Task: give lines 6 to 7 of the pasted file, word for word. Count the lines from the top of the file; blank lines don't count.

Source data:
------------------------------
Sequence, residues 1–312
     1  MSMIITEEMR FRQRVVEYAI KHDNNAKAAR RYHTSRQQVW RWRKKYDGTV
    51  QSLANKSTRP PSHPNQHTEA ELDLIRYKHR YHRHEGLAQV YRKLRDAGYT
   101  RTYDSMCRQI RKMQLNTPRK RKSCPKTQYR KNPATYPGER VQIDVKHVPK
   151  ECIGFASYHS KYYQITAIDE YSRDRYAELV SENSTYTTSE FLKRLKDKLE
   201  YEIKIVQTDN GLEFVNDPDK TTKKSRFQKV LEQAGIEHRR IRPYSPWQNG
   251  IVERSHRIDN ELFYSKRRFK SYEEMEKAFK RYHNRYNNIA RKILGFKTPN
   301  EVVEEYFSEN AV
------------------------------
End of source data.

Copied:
   201  YEIKIVQTDN GLEFVNDPDK TTKKSRFQKV LEQAGIEHRR IRPYSPWQNG
   251  IVERSHRIDN ELFYSKRRFK SYEEMEKAFK RYHNRYNNIA RKILGFKTPN